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Decided: March 29, 2012

Before: SPAIN, J.P., MALONE JR., KAVANAGH, McCARTHY and EGAN JR., JJ. Hinman, Howard & Kattell, L.L.P., Binghamton (Linda B. Johnson of counsel), for appellant. Cahill Law Office, Endicott (James N. Cahill of counsel), for respondent.

Appeals (1) from an order of the Supreme Court (Cerio, Jr.), entered August 17, 2010 in Broome County, which, among other things, granted plaintiff's motion for summary judgment, and (2) from the judgment entered thereon.

In December 2005, the parties executed a lease for defendant to rent from plaintiff the fourth and fifth floors of an office building in the City of Binghamton, Broome County from April 1, 2006 to March 31, 2009. In June 2007, defendant sent a letter to plaintiff stating that it believed that plaintiff was in default of a term in the lease which required plaintiff to pay real property taxes on the premises. After defendant failed to pay rent for July 2007, plaintiff sent a letter to defendant stating that defendant was in default of the lease. In August 2007, defendant sent another letter to plaintiff indicating that inasmuch as plaintiff was still in default of the lease term requiring payment of the real property taxes, defendant was exercising its right to terminate the lease. Defendant thereafter vacated the premises.

Plaintiff then commenced this breach of contract action, seeking damages in the amount of all rent becoming due between defendant's alleged breach in July 2007 and the end of the lease term. Defendant answered, asserting a counterclaim for the return of its security deposit. The parties then cross-moved for summary judgment. Supreme Court granted summary judgment to plaintiff, denied defendant's cross motion, dismissed defendant's counterclaim, and, ultimately, issued a judgment in favor of plaintiff in the amount of $252,862.09. Defendant appeals and we reverse.

When interpreting a contract, it is well settled that, when the parties memorialize their agreement in a clear, complete document, the agreement should be enforced according to its terms, especially in the context of real property transactions where, as here, the contract is between sophisticated parties that negotiated at arm's length with the assistance of counsel (see Vermont Teddy Bear Co. v. 538 Madison Realty Co., 1 NY3d 470, 475 [2004]; Staples the Off. Superstore E., Inc. v. Flushing Town Ctr. III, L.P., 90 AD3d 638, 639–640 [2011] ). Here, the plain language of the parties' contract provides that “[plaintiff] shall pay all real estate taxes, assessments and other governmental charges which shall be levied or assessed or which become liens upon the premises, land, or building during the term” of the lease. The contract further provides that “[i]f [plaintiff] defaults in performance or observance of any provision of this Lease, [defendant] may withhold payment of rent hereunder so long as [plaintiff] remains in default, and, if such default shall not be cured by [plaintiff] within [30] days after the delivery of such notice, [defendant], at any time after the expiration of such [30] day period may terminate this Lease.” It is undisputed that defendant notified plaintiff by letter on June 28, 2007 that plaintiff was in default of the provision that required it to pay the real property taxes and that, by letter dated August 2, 2007, defendant informed plaintiff that it was exercising its right to terminate the lease because plaintiff had not remedied the default. It is also undisputed that, at the time of defendant's June 28, 2007 letter, plaintiff had not paid the real property taxes on the building for approximately 11/212 years.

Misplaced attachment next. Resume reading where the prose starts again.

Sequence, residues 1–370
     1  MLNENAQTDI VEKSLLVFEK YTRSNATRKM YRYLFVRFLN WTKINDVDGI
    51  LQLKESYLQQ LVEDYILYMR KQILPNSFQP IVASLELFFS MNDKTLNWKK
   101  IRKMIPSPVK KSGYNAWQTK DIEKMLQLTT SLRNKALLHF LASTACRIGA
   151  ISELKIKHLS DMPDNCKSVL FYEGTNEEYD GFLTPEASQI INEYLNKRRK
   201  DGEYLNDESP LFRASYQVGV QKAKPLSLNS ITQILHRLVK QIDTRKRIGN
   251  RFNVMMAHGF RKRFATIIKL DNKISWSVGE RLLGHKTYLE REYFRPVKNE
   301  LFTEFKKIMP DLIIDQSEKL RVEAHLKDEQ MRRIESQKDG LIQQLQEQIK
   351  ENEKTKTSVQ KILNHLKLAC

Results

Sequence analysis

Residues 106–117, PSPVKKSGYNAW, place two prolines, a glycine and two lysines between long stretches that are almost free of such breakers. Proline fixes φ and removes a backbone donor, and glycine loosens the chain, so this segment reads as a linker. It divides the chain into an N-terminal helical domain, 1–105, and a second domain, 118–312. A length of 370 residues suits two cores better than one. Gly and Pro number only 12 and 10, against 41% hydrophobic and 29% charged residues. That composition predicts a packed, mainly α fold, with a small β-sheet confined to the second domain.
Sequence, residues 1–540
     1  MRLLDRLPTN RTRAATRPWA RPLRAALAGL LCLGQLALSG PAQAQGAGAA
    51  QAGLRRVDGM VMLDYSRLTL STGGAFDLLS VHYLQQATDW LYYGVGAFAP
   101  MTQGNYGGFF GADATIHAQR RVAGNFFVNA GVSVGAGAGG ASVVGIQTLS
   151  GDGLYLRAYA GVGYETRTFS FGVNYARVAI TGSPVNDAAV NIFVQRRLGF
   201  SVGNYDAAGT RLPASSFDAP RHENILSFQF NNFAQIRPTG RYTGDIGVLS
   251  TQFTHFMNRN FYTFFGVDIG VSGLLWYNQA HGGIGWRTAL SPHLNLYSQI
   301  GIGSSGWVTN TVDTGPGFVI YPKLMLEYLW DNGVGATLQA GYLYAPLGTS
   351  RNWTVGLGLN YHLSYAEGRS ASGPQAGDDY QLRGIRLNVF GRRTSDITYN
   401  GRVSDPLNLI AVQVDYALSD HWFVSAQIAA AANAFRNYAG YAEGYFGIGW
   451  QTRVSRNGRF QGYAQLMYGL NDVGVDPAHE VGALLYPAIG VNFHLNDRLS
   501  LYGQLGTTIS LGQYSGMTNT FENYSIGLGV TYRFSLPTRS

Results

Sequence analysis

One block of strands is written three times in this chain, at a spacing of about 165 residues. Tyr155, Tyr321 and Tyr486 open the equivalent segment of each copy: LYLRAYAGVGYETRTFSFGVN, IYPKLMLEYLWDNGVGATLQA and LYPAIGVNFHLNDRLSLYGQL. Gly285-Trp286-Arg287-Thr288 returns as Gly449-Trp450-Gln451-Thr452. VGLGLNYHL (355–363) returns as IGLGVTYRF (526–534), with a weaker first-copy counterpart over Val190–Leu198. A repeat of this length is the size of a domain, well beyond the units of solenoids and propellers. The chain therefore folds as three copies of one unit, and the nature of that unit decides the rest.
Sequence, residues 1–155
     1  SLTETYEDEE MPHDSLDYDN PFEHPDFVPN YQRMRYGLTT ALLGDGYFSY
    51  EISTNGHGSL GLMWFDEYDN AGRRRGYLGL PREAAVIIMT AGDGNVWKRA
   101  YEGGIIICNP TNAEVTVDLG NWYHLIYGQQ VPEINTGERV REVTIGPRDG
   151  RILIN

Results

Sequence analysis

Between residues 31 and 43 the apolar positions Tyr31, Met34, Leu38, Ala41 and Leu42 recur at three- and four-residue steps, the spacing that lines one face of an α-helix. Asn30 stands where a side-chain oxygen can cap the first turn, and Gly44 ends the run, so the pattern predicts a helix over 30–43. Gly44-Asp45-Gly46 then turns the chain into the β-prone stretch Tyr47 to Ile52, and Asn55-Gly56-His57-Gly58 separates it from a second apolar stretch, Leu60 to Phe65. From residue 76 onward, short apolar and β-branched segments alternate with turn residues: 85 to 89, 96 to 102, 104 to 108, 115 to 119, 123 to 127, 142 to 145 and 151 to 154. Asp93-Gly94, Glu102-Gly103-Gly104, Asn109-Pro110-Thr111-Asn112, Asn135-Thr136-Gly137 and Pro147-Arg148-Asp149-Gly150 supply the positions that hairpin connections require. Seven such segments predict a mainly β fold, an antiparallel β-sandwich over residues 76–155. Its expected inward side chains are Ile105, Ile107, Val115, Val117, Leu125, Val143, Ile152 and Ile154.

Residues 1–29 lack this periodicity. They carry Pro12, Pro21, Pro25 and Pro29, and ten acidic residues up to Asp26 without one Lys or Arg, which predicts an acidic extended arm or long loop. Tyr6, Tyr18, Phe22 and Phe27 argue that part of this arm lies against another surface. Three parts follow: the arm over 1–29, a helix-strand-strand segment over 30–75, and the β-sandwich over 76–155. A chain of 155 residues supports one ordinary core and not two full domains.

We do not agree with Supreme Court's finding that the tax provision in the contract was nothing more than a way for the parties “to confirm and identify who was responsible to pay the taxes” and that, as such, plaintiff's undisputed failure to meet its obligation thereunder did not provide defendant with cause to terminate the lease. The language in the contract is unequivocal and the provision requiring plaintiff to pay the taxes is located among many other provisions identifying various responsibilities of plaintiff—such as keeping the premises in good order and repair, providing defendant with access to the building, maintaining the elevators in working order and paying the electrical, gas and water expenses—the breach of which would undoubtedly give rise to defendant's right to terminate the lease. Although the parties could have specifically exempted the payment of taxes from the list of plaintiff's responsibilities, they did not do so; instead, the language clearly provides that plaintiff's breach of any provision of the lease would allow defendant to terminate the lease agreement if the breach was not cured by plaintiff within 30 days. On this record, it is undisputed that plaintiff did not pay the real property taxes and that it did not timely remedy the situation upon being notified of such by defendant. Plaintiff's failure to do so gave rise to defendant's right under the contract to withhold rent and, ultimately, terminate the lease agreement. Accordingly, defendant's cross motion for summary judgment dismissing the complaint should have been granted. In light of this result, Supreme Court's dismissal of defendant's counterclaim was error and the matter needs to be remitted for a determination thereof.

ORDERED that the order and judgment are reversed, on the law, with costs, plaintiff's motion for summary judgment denied, defendant's cross motion for summary judgment granted, complaint dismissed and matter remitted to the Supreme Court for further proceedings on defendant's counterclaim against plaintiff.



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